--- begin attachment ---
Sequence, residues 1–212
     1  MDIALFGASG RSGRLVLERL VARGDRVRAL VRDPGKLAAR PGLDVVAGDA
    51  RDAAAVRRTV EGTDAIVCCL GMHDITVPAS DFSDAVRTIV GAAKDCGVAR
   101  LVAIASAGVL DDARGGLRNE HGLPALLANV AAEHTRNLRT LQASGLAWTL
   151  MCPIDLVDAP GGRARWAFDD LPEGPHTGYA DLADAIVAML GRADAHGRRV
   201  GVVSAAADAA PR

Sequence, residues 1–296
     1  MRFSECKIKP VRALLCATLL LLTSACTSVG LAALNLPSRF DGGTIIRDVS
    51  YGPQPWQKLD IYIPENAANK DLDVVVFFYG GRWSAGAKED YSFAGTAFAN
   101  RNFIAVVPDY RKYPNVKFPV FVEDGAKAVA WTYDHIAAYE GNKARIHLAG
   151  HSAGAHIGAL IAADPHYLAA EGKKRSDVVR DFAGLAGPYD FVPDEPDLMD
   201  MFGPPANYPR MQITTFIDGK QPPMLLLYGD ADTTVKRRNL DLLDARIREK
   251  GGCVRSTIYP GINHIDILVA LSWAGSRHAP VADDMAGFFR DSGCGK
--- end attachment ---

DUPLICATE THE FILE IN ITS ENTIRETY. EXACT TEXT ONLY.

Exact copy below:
Sequence, residues 1–212
     1  MDIALFGASG RSGRLVLERL VARGDRVRAL VRDPGKLAAR PGLDVVAGDA
    51  RDAAAVRRTV EGTDAIVCCL GMHDITVPAS DFSDAVRTIV GAAKDCGVAR
   101  LVAIASAGVL DDARGGLRNE HGLPALLANV AAEHTRNLRT LQASGLAWTL
   151  MCPIDLVDAP GGRARWAFDD LPEGPHTGYA DLADAIVAML GRADAHGRRV
   201  GVVSAAADAA PR

Sequence, residues 1–296
     1  MRFSECKIKP VRALLCATLL LLTSACTSVG LAALNLPSRF DGGTIIRDVS
    51  YGPQPWQKLD IYIPENAANK DLDVVVFFYG GRWSAGAKED YSFAGTAFAN
   101  RNFIAVVPDY RKYPNVKFPV FVEDGAKAVA WTYDHIAAYE GNKARIHLAG
   151  HSAGAHIGAL IAADPHYLAA EGKKRSDVVR DFAGLAGPYD FVPDEPDLMD
   201  MFGPPANYPR MQITTFIDGK QPPMLLLYGD ADTTVKRRNL DLLDARIREK
   251  GGCVRSTIYP GINHIDILVA LSWAGSRHAP VADDMAGFFR DSGCGK